Language is a tool used by humans all around the globe.  There are hundreds of thousands of them yet in the end, it accomplishes one job, communication.  Yet for me, it did quite the opposite.

I was five years old when my parents and I immigrated to the United States.  We first went to Georgia because that’s where my uncle was living.  As I set foot into my new house, I was greeted by my aunt, uncle, and cousins.  My awkward exchange of greetings with my cousins let me know that neither of us could understand each other.

Living at my uncle’s house was an absolute nightmare.  I was constantly bullied by my cousins for not knowing english and they would play pranks on me such as locking me inside the garage when it was below zero degrees outside.  My parents were always at work so I was at the house alone, with noone to talk to.  Surrounded by my own sadness, I sulked around the house daily, wishing for the first day of school to roll around.

It was September 7th, the first day of school.  Hand in hand, my mom dropped me off into my classroom.  However, all around me were unfamiliar faces with blue eyes and blonde hair.  That when it dawned on me that this place would be even worse than the place I call home.  I immediately turned back and ran back to my mom, bawling.  I begged her not to go and clinged on to her as tightly as I could.  My teacher had to bring me back into the classroom and I saw my mom leave.  I still remember how betrayed I felt.

The days went by and my uncle’s divorce caused us to move to California.  One day at school, I got into an argument with a girl in my class, which still puzzles me to this day because my english was nowhere near as good as to be getting into an argument.  In midst of the argument, the girl spat on my face.  I wanted to tell the teacher but back then, the word “spit” was not in my vocabulary and was therefore unable to.  The humiliation and shame I felt I can still feel today.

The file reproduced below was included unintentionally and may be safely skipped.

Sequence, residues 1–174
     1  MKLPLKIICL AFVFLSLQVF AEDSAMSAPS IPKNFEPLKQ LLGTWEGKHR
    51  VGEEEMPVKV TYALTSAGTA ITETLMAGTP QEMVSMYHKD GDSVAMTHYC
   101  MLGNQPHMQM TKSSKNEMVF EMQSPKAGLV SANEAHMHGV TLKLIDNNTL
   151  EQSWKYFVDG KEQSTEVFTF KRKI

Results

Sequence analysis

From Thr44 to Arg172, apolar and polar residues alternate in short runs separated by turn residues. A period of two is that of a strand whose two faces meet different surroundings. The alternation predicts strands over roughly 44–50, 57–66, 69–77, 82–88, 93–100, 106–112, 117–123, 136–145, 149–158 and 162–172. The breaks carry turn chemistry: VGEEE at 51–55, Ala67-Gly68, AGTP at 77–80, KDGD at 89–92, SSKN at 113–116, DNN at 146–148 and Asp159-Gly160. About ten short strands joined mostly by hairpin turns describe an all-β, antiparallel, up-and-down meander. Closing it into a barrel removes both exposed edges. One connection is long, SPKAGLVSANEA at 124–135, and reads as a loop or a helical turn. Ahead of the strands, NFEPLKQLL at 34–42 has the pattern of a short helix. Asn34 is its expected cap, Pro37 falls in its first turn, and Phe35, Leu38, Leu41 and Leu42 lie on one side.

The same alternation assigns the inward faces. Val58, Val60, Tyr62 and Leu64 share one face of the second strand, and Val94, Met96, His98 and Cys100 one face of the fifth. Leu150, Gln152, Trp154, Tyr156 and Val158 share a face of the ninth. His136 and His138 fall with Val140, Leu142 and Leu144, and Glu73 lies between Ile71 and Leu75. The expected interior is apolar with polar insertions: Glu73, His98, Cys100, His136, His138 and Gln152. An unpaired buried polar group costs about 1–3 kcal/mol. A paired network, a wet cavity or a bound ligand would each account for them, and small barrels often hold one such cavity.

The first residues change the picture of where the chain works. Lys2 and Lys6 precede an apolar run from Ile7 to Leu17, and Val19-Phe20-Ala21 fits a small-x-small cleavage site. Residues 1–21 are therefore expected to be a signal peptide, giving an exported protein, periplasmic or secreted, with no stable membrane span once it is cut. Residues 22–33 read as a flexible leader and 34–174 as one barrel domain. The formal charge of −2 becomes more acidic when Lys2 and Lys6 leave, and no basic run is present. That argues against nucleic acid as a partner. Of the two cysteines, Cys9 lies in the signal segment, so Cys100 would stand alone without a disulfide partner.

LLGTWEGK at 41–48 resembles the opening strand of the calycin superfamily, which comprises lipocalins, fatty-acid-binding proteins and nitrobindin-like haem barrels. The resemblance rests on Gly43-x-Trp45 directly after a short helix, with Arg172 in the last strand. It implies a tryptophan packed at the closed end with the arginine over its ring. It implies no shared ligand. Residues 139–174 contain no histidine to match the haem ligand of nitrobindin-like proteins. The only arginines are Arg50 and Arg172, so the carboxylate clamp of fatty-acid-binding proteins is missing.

That experience changed it all for me.  I stopped talking to my new friends and basically cut myself off.  I hated the thought of school and resented my parents for bringing me to America.  The English language created a barrier between me and society.  Being unable to understand or communicate is the most difficult thing I’ve ever had to experience.  I had put myself behind a wall and did not bother trying to climb over it.  My lack of socializing with my classmates had caused me to be even more distant from the language.

As my years as a student progressed, however, I was able to pick up on the language more and more.  I gradually got closer to my friends and even had people that I was able to call my “best friends.”  Language was once again a way of communication, a way of understanding, the best possible way to form relationships with someone else.  

Language is special to me in the way that it both took away and gave a new life to me.  In the days where I could not speak English, talking and communicating with people was a chore I had to go through.  However, now that I am comfortable with this language, socialising and being part of a community is something that I look forward to on a daily basis.  Language is something that gave me an opportunity to meet the people that influenced me greatly and my life is shaped forever by this language.